CarbonQuest and Daroga aim to sign on approximately 20 projects in the next 12 months, which will generate an anticipated 100,000 metric tons per year of recycled, liquified Sustainable CO2.

After being captured by CarbonQuest’s system, the liquid CO2 will be sold to various off-takers across the Northeastern U.S. Given the severe constraint of CO2 supply in the region, CarbonQuest’s Sustainable CO2™ offers a unique solution for CO2 users while also supporting the growth of new carbon-based industries.

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EnCap and Mercuria invest in Arbor Renewable Gas

The Houston-based renewable gas developer has also entered into development and licensing agreements with SunGas Renewables and Haldor Topsoe, respectively.

Arbor Renewable Gas, the Houston, Texas-based sustainable gas developer, has taken an underlying capital commitment from EnCap Investments L.P. and Mercuria Energy Company, according to a news release.

SunGas Renewables, a subsidiary of GTI International, has entered into an exclusive Joint Development Agreement with Arbor Gas to provide its gasification systems to Arbor Gas projects and Haldor Topsoe has licensed its process and technology for methanol and gasoline synthesis.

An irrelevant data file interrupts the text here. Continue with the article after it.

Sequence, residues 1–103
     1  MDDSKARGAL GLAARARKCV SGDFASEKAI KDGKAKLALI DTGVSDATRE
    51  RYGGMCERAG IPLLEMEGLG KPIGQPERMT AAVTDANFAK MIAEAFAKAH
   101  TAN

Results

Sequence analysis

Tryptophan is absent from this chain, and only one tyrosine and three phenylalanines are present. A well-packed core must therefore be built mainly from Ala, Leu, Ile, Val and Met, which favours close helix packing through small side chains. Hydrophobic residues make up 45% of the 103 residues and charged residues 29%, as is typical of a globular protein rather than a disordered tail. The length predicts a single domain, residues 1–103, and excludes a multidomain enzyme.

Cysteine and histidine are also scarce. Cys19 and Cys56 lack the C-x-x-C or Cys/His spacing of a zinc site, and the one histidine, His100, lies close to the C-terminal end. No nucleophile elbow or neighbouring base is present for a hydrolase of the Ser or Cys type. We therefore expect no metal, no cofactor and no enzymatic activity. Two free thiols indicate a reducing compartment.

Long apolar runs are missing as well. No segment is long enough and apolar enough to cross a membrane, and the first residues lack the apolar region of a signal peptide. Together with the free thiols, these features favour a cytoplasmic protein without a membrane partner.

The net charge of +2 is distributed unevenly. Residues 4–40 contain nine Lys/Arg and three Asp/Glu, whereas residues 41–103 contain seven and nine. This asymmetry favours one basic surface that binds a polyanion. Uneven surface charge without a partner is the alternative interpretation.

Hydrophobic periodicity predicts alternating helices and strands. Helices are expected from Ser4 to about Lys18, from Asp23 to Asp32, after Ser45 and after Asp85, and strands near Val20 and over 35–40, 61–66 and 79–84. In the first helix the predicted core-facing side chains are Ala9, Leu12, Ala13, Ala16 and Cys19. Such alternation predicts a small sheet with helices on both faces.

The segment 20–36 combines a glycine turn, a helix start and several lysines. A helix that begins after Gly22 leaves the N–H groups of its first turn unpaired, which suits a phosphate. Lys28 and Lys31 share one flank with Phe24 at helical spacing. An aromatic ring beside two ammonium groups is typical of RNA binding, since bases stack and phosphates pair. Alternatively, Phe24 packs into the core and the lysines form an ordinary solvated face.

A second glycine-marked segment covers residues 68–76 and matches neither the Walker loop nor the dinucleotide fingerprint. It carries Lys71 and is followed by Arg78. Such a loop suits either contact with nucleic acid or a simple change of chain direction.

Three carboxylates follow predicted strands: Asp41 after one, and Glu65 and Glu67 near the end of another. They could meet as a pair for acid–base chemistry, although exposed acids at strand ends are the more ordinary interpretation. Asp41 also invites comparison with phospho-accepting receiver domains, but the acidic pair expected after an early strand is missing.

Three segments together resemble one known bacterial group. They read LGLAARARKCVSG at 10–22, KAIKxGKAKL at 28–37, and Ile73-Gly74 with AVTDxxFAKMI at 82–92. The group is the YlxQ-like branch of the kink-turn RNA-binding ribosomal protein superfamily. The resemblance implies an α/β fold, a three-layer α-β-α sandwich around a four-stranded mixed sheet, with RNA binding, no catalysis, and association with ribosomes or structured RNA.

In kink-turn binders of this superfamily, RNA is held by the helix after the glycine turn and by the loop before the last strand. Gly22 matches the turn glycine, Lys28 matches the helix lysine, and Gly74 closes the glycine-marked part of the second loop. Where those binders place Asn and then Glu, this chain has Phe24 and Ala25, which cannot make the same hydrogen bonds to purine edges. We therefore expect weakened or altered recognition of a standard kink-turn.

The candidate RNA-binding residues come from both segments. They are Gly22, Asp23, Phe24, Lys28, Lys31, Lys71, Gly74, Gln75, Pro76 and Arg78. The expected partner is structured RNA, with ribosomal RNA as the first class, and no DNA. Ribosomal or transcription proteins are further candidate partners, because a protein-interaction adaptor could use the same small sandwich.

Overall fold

Arbor Gas is developing industrial scale renewable gasoline and green hydrogen projects in the US. The strategy is to design, build, own, and operate facilities that efficiently convert woody biomass into renewable gasoline and green hydrogen.

Arbor Gas is led by Co-Founders, Chief Executive Officer Timothy E. Vail and John G. Kennedy III.

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NY awards $12.7m to three hydrogen projects

Governor Kathy Hochul has awarded USD 16.6m for five long duration energy storage projects, including USD 12.7m for three hydrogen plans.

Governor Kathy Hochul has awarded USD 16.6m for five long duration energy storage projects, including USD 12.7m for three hydrogen plans.

The Governor also said that an additional USD 17m in competitive funding is available for projects that advance development and demonstration of scalable innovative long duration energy storage technologies, according to a press release.

The projects will support the current Climate Leadership and Community Protection Act goal to install 3,000 MW of energy storage by 2030 while facilitating further development to 6,000 MW.

The USD 12.7m in awards will support the following hydrogen projects:

  • Nine Mile Point Nuclear Station, LLC- USD 12.5m – To demonstrate nuclear-hydrogen fueled peak power generation paired with a long duration hydrogen energy storage unit to help reduce emissions from the New York Independent System Operator electric grid.
  • Power to Hydrogen – USD 100,000 – To develop a Reversible Fuel Cell System for Hydrogen Production and Energy Storage called the Clean Energy Bridge and to help facilitate the system’s readiness for demonstration and commercial adoption.